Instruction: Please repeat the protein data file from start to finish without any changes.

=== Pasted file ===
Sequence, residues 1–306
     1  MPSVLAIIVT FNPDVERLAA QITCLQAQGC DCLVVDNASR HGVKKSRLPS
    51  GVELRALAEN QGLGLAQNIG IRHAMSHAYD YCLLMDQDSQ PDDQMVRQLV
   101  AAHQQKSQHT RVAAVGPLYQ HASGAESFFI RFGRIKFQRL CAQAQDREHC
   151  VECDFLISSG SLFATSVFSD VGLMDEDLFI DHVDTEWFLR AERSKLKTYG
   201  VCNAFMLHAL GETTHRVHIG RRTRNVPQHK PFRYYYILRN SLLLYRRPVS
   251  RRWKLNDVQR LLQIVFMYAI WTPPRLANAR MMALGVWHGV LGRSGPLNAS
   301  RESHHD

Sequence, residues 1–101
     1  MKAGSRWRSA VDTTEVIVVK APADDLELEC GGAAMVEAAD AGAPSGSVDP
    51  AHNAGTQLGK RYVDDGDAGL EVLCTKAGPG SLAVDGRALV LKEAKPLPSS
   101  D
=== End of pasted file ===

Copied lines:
Sequence, residues 1–306
     1  MPSVLAIIVT FNPDVERLAA QITCLQAQGC DCLVVDNASR HGVKKSRLPS
    51  GVELRALAEN QGLGLAQNIG IRHAMSHAYD YCLLMDQDSQ PDDQMVRQLV
   101  AAHQQKSQHT RVAAVGPLYQ HASGAESFFI RFGRIKFQRL CAQAQDREHC
   151  VECDFLISSG SLFATSVFSD VGLMDEDLFI DHVDTEWFLR AERSKLKTYG
   201  VCNAFMLHAL GETTHRVHIG RRTRNVPQHK PFRYYYILRN SLLLYRRPVS
   251  RRWKLNDVQR LLQIVFMYAI WTPPRLANAR MMALGVWHGV LGRSGPLNAS
   301  RESHHD

Sequence, residues 1–101
     1  MKAGSRWRSA VDTTEVIVVK APADDLELEC GGAAMVEAAD AGAPSGSVDP
    51  AHNAGTQLGK RYVDDGDAGL EVLCTKAGPG SLAVDGRALV LKEAKPLPSS
   101  D